You'll find plenty of great productivity apps on smartphones, but actually using them isn't always the easiest option. After all, when you're waiting around for a plane or killing time at the DMV it's a lot easier to just boot up Facebook and screw around for a few minutes. Still, you can get a surprising amount of things done in just a couple minutes, starting with your email.

Process Your Inbox: Answer Everything You Can Respond to in Two Minutes or Less

Chances are you have a few emails you haven't responded to because they're just simple questions. It's those emails you avoid because they're just so easy, but they end up piling up as the day goes along. You can find these emails quicker by getting everything organized. The trusted trio is a great way to start, but if you want another option you can keep it even simpler by setting up specific labels in Gmail called Kill Time (and if you need help with labels we've got you covered). Throughout the day just throw in those easy to reply emails you leave sitting around and then bang them out when you're waiting around later.
However you choose to do it the purpose is the same: filter off a few emails a day into a folder where you can quickly pull them up on your phone and kill some time answering them. Photo byOlaf.

Bake Phone Tasks Into Your To-Do's

If your to-do list is anything like mine then it probably has a ton of simple, quick tasks scattered throughout it. These include things like making quick phone calls, sending emails, researching a simple topic, or even ordering some new shoes. Instead of keeping these short tasks inline with more complicated to-dos, bake in a special phone list filled with everything you can do from your phone.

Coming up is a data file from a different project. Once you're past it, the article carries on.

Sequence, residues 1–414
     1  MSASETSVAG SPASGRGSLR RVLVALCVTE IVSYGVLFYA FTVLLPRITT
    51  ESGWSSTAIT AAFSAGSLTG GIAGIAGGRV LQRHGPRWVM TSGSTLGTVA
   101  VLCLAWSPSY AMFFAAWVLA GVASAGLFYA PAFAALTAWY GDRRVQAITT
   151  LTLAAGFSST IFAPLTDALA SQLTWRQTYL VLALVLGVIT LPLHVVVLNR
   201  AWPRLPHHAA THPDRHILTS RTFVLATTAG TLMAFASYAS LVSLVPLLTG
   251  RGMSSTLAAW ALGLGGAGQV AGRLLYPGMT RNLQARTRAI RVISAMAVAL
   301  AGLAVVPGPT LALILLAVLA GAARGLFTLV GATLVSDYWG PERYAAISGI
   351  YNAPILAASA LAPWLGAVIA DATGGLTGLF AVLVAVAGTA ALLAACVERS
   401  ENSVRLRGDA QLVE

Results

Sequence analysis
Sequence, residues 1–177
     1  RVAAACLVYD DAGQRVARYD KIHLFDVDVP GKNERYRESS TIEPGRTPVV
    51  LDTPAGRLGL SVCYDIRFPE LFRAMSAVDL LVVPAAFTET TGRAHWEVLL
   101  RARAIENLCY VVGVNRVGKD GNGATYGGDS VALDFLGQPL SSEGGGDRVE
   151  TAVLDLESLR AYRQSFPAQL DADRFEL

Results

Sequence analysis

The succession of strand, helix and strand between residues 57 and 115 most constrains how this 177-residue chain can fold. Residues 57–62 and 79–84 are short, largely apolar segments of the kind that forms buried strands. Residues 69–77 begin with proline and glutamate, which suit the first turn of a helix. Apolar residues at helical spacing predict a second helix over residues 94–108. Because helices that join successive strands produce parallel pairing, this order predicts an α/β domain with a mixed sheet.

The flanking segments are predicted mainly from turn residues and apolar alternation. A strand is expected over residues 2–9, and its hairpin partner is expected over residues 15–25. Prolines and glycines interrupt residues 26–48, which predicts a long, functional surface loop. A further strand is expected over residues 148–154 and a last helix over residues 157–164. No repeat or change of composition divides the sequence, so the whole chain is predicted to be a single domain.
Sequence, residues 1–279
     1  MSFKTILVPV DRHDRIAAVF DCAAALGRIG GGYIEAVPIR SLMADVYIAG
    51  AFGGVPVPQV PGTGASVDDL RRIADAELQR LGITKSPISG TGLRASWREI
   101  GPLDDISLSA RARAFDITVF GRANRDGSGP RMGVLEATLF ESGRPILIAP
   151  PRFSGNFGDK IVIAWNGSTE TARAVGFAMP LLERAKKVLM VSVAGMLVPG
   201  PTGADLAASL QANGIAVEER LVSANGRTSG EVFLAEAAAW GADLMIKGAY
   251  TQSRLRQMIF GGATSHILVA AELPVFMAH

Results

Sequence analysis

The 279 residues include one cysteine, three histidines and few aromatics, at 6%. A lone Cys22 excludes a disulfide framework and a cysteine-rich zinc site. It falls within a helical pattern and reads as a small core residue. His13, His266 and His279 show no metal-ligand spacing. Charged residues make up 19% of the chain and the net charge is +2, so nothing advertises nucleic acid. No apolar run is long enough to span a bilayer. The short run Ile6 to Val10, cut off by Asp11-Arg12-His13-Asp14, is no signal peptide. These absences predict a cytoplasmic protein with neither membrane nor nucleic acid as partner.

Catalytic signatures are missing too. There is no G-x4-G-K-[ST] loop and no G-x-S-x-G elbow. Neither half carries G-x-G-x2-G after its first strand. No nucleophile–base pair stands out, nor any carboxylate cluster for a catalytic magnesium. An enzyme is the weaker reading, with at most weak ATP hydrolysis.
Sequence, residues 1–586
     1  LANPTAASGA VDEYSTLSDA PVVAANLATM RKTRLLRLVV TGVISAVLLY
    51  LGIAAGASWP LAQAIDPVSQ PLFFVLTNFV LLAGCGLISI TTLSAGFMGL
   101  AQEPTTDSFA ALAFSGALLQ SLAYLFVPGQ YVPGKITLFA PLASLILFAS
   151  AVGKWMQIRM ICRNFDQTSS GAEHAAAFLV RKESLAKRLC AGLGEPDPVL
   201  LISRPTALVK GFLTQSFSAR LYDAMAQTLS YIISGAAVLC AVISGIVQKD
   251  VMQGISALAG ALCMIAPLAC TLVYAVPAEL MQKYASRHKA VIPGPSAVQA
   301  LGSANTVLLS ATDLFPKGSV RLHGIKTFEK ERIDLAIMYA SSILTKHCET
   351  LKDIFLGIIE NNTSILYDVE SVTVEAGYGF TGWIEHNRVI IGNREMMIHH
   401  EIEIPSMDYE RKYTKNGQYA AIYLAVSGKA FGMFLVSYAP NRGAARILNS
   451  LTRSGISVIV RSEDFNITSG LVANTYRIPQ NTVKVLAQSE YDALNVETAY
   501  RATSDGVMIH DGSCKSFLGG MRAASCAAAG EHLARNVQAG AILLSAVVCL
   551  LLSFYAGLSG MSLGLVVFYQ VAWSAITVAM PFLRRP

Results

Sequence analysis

If that's not possible, take those couple of minutes to sit down and prune items from your to-do list. Eliminate tasks you can't get to, reorganizing others, or whatever it takes to make your list manageable.

Brainstorm Freely with No Purpose

This is a little more abstract, but taking advantage of those moments when you're bored is a great way time for creativity (and productivity). We've seen before that being bored is actually good for creativity and it's easy to do on the go.
You can do this anyway you like, with a text editor, drawing app, or anything else. Personally, I use the iOS app Mindjet because I love mindmapping. The idea is that you just write down all the ridiculous ideas you have while you're bored with no thought for how bad they are and then return to them later to pick out the good ones.

Give Your Brain a Workout